Moments after I had stepped inside Ganges Art Gallery, I felt like fleeing back to the heat and dust outside. Such was the effect of the exhibition by Arghya Priya Majumdar and Mahjabin Majumdar. With no obvious reason, the exhibition had been titled Outsiders Within (May 20-June 12). Whatever value this portentous name might have added to the paintings on display, it certainly couldn’t persuade outsiders to stay within the gallery for more than a few minutes.
Dim light, a faintly musty odour pervading the rooms, shabby captions, and some random canvases, presumably by other artists, stacked against the wall — this was a vintage exhibition mounted on the working principles of the inimitable Calcutta School of Curating. If you write on art exhibitions in Calcutta, you’d better get used to the shoddiness of it all; no amount of complaining will ever change gallerists or the way they function unless a fine, or better still, a summary ban is imposed on badly put-together shows. But utopian thoughts are not going to get you anywhere in the age of the free market, which has spawned a brood of its own free-willed children. And ambitious gallerists with little understanding of art, along with amateur dabblers with colour who go by the name of artists, are the two most dangerous offspring of this market economy.
Consider the work of Mahjabin Majumdar, on which Anirudh Chari, who wrote the catalogue essays, waxes eloquent. The eloquence, one might add, is borne of his unbounded enthusiasm, which results in lush glibness. Viewers are told that “the enigmatic artistic visions” of Mahjabin are “alternately amusing, enchanting and puzzling [sic]… with their juxtapositions and metamorphoses of imagery which centre on the bizarre and incongruous and using visual sleight of hand convert mundane pictorial facts into something unusual”. What we see in reality is no less puzzling than this prose. Mahjabin’s sizeable canvases are filled with intense, often lurid, colours. She is a figurative painter who makes up for her lack of imagination by trying to add ‘shock value’ to her work. Unfortunately, translucent human bodies with flora and fauna floating among the visceral organs are just not good enough. This is the kind of ‘body horror’ that Jaya Ganguly has explored in her sublime grotesquerie, and anyone planning a re-run of this style better be able to transform this idea into something rich and strange — or at least into something remotely interesting.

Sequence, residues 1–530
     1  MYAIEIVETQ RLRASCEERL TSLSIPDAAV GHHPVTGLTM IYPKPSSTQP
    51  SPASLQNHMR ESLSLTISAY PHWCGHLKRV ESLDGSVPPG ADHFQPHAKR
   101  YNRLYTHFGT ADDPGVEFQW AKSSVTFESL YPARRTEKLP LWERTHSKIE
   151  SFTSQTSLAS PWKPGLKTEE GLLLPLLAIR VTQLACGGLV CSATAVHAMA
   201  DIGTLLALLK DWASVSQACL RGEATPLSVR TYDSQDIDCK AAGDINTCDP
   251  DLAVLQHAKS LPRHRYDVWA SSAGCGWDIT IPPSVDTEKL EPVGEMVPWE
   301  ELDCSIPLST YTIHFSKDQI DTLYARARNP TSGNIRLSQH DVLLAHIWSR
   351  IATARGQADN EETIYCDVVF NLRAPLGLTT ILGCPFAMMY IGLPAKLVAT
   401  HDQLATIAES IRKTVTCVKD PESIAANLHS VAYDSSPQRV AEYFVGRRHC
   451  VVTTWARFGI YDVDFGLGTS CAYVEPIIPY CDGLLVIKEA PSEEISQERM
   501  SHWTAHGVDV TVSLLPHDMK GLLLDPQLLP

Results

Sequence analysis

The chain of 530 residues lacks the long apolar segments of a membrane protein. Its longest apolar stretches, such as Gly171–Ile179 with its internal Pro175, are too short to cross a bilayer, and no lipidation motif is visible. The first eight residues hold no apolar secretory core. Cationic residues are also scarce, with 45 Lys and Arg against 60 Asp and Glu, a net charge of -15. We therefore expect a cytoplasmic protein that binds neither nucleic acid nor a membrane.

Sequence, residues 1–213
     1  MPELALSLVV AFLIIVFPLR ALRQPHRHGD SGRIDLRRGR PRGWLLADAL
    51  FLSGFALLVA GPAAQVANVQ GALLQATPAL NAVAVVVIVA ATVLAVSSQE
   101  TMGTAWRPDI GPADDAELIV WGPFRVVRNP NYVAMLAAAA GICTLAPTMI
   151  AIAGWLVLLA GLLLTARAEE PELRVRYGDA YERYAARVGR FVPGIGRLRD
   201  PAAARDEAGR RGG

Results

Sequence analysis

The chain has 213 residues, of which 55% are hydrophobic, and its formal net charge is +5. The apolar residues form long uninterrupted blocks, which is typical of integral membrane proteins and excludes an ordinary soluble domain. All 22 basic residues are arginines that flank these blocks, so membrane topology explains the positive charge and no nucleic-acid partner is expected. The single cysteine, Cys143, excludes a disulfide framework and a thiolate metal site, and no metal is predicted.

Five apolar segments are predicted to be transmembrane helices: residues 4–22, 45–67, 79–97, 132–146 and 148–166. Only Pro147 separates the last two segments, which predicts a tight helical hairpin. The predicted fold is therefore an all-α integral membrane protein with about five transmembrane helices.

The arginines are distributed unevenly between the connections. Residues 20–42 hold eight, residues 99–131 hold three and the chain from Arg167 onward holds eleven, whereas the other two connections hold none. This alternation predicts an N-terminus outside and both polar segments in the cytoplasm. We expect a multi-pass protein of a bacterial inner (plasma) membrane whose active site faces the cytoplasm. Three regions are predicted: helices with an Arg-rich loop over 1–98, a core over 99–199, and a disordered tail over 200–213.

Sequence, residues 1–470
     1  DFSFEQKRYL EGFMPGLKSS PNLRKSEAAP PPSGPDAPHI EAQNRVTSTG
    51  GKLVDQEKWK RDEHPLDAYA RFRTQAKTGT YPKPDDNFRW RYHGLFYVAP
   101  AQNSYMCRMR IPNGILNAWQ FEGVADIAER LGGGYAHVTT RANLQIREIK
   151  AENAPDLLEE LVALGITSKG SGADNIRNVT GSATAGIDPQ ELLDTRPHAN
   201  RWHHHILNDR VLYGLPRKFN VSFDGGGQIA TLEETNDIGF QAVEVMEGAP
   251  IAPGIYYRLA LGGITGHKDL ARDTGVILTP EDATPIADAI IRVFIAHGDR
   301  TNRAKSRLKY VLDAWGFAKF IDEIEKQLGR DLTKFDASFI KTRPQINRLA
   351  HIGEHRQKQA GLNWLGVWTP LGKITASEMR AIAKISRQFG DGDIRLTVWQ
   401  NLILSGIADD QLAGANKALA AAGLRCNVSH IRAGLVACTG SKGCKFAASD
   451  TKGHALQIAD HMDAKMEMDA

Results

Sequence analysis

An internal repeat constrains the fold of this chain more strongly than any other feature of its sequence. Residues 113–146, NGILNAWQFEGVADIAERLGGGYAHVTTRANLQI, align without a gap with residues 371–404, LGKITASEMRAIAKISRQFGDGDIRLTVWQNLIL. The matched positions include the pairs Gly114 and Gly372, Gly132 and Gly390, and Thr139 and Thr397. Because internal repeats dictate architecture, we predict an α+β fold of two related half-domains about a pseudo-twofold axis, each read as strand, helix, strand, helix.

Arghya Priya, like Mahjabin, is a figurative artist, but thankfully has dropped all pretense of mystery. Of course, that makes his work only more bearable to look at, not any better. Once again, thanks to Chari, we learn that Arghya Priya’s works “transcend the production of pleasure”. Perhaps they produce sheer pain (in the viewers)? Arghya Priya paints distended male figures smiling insidiously, their bodies in various states of contortion. There is something indecently sexual about their gestures, and this sliminess comes through most vividly in the portrait of hands held in a clasp (picture). But the surfeit of blinding colours (fluorescent green and orange) do no good to the eyes, or to the viewers’ attention span.
On top of this, the memory of Jogen Chowdhury’s exquisite drawings of bloated men, or even of Reji Arackal’s swollen creatures, hovered too close for any hint of credible originality.